Evaluating a practice for acquisition

bpdp-001_blog_cover2I’ve evaluated DOZENS of practices for acquisition. I tell my friends I was not gifted in real estate, or the stock market. I like to “stay in my lane” with my investment. Dentistry – when done correctly – can have a GREAT ROI. Acquisitions can be done for a number of reasons:

  • Associate looking to have their own practice
  • Dental student wanting a practice RIGHT out of school
  • Group / Large practice looking for expansion
  • Corporate model like Heartland

There are SO many variables to look at when doing a practice acquisition. The first and only thing I care about is if the practice is under-performing (i.e. I’ve got upside) or over-performing (i.e. might be at a plateau).  After I get the P&L’s, I request they send me a screenshot from the PMS (practice management software) of the ACTIVE patients. It’s imperative that you get a 12 month count of actives. Don’t get a 18 – 24 month number – obviously this skews the number incorrectly to the seller’s favor.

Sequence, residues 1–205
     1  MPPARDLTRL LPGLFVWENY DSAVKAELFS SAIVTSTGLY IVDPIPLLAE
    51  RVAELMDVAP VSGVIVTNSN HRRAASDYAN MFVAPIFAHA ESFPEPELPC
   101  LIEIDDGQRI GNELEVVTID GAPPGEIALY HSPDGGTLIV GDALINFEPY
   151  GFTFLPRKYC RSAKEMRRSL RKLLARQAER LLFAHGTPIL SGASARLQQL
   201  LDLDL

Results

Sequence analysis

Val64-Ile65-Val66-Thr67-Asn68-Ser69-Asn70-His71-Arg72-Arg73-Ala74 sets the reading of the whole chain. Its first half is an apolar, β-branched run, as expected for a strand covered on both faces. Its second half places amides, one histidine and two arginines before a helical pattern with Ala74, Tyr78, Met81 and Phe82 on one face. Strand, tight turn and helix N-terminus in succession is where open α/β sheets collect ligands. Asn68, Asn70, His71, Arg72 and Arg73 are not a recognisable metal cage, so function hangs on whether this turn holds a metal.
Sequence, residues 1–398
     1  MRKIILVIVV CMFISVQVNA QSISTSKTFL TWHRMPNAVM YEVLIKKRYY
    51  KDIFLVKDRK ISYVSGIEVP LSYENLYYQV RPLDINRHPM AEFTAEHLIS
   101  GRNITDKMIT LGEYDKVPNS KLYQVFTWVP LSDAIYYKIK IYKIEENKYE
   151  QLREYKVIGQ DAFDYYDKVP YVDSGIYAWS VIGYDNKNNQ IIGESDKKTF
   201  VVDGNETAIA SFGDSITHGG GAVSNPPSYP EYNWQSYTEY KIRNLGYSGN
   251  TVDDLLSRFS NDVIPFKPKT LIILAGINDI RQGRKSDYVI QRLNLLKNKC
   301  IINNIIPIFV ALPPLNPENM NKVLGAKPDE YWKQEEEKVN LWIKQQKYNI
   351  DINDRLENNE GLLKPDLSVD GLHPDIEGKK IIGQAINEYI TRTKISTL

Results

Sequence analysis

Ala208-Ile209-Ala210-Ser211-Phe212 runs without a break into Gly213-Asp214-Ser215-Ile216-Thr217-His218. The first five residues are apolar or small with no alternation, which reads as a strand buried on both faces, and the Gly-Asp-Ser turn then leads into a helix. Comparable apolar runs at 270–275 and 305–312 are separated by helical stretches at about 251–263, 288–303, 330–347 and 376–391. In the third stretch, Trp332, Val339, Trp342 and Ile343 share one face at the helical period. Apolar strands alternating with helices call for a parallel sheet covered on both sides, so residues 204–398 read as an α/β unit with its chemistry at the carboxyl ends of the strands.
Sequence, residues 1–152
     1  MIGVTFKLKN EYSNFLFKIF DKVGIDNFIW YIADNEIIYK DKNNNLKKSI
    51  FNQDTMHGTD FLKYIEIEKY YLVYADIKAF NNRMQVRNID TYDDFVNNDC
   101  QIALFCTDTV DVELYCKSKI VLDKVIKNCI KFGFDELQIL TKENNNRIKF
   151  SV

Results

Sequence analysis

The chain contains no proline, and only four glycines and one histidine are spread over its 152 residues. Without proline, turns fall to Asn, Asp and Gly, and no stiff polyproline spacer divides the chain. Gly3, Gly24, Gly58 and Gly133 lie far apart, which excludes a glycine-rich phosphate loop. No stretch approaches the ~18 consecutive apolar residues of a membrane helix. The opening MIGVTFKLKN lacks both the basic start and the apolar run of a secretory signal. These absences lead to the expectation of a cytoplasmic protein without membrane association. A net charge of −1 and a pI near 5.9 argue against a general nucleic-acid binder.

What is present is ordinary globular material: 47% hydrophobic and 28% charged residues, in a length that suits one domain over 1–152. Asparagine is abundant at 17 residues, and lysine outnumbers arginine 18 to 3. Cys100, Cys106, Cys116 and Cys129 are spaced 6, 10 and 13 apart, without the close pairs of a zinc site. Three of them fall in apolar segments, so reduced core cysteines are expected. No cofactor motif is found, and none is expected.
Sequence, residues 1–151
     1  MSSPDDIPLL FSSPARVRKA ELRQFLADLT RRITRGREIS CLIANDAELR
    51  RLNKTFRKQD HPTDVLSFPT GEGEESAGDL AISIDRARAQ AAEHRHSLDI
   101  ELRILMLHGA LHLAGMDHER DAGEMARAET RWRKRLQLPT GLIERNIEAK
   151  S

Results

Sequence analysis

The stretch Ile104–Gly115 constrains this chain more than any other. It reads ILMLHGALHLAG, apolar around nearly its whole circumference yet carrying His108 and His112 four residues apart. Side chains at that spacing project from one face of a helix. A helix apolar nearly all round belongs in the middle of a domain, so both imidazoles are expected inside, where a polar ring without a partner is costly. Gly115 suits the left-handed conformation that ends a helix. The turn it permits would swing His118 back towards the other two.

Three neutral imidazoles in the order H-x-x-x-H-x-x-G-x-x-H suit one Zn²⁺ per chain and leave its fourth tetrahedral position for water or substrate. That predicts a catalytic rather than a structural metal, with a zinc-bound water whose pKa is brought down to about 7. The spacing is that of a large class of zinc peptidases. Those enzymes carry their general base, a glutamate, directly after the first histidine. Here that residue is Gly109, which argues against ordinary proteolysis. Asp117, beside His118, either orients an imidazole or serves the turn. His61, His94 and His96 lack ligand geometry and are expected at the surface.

It’s REAL simple. Take the TOTAL COLLECTIONS for last calendar year and DIVIDE that by the TOTAL # of active patients. This will give you an Average Annual Collections Per Patient (AACPP).

This will give you a number —-?—-  (anywhere from $200 to $2000).

Think about what insurance typically gives a patient. Would it be fair to state around $1500 per year?

Ok, now take your AACPP number. If that number is way below $1500, maybe like $400, you can rest assured there is a lot of dentistry left to be done. You can go in there and apply your systems, marketing, culture, etc and raise that AACPP number!

Now if it’s over $1000 per patient per year – you need to pump the brakes! There might not be any dentistry left to be done in the patients who you’re spending copious $ acquiring.

So ironically, as the owner of a practice, you want to INCREASE your AACPP, doing more with your opportunity. But as the BUYER, you’re looking for upside VALUE and a deal, quite frankly.


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